Anyone using an interactive system needs to be able to learn how to use it. No-one wants to learn a new interface from scratch unless the effort is worth it.
Therefore it is best to stick to tried and tested interface techniques when putting an interface together.
For example you should be familiar with the menu systems shown below
The reason you are comfortable with this kind of interface is because you have already learned how to use it over many other web pages and computer applications.
As a HCI designer you should take advantage of what the user has learnt already.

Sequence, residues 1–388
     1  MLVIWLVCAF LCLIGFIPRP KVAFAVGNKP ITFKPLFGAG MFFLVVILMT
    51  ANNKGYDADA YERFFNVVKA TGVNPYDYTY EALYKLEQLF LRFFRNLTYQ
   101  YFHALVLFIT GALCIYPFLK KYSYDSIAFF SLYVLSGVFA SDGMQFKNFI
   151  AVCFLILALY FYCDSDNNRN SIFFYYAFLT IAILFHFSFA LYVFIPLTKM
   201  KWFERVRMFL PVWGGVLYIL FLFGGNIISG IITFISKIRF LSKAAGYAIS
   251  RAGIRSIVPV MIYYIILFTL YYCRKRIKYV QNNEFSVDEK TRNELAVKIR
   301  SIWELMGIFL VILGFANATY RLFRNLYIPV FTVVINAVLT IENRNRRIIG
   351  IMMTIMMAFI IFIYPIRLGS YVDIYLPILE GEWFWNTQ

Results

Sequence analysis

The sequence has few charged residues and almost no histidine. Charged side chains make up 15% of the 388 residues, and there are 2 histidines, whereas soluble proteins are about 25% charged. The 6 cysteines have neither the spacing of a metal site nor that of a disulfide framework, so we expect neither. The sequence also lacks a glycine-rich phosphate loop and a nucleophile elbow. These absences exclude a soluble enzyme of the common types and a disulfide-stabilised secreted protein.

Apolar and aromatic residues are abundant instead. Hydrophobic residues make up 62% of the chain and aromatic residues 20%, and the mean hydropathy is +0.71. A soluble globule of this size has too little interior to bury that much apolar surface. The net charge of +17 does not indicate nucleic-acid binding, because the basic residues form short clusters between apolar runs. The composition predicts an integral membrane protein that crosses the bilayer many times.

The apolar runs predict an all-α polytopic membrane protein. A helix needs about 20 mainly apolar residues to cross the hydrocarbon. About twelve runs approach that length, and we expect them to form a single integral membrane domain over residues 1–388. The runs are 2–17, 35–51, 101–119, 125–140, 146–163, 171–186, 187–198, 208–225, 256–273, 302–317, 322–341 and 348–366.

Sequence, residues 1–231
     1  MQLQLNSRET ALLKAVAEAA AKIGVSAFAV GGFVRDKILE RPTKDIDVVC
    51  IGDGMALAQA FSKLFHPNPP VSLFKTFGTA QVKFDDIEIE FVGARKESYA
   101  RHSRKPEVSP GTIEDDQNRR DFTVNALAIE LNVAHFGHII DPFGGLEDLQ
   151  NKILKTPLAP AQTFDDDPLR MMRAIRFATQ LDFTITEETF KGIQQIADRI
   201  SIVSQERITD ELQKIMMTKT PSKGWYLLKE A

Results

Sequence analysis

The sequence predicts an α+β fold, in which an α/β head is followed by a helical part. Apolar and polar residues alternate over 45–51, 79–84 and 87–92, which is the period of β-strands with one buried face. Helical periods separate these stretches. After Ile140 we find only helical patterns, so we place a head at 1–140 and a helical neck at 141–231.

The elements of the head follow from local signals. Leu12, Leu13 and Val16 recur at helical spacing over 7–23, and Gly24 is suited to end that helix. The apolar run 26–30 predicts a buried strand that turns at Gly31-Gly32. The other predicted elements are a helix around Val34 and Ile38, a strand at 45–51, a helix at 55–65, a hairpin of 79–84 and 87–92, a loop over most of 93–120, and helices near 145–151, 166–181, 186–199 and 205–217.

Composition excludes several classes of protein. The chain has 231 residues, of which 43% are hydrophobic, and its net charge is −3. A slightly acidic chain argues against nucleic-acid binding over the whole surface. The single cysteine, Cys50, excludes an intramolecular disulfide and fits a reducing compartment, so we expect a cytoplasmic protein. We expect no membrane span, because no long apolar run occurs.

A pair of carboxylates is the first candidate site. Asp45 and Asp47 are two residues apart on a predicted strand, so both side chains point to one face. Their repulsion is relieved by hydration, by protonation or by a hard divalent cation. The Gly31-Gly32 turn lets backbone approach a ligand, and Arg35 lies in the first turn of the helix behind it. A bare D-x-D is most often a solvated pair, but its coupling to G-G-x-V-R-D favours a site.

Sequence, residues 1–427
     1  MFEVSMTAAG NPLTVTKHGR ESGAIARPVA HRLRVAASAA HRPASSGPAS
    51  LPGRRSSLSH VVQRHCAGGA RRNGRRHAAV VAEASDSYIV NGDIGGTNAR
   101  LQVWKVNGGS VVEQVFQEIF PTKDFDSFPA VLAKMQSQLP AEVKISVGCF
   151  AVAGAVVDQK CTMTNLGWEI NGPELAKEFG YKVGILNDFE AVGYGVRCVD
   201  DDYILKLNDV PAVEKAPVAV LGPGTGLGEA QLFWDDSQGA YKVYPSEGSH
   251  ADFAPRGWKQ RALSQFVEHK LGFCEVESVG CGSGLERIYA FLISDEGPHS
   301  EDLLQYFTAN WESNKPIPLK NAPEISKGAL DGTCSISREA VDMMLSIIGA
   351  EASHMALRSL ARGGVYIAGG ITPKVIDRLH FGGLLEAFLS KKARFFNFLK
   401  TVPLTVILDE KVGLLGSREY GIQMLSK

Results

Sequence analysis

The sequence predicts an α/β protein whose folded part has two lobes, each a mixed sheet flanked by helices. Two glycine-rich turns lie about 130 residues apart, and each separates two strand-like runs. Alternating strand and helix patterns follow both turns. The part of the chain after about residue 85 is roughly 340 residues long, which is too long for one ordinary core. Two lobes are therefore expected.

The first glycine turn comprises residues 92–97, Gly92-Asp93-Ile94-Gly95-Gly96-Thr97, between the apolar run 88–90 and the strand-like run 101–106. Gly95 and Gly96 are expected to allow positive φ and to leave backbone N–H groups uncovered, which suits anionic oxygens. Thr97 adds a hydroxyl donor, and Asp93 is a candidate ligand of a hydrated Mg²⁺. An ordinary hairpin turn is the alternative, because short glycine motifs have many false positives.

On the other hand, if the application calls for more unusual interfaces such as the ones below
then the user has a 'steep learning curve'.
If this is the case then much effort should go into making the interface easier to learn by using techniques such as friendly pop-up help messages, context menus on individual interface elements, easy access to the help system.
Another key feature of good design is to make things behave in the expected way. For instance if one of those sliders in the image above is a volume control, then you would naturally expect that sliding it up would result in higher volume - not the other way around.
Therefore understanding what your user will have learnt already will guide your decisions regarding HCI design
challenge see if you can find out one extra fact on this topic that we haven't already told you
Click on this link: HCI and complex interfaces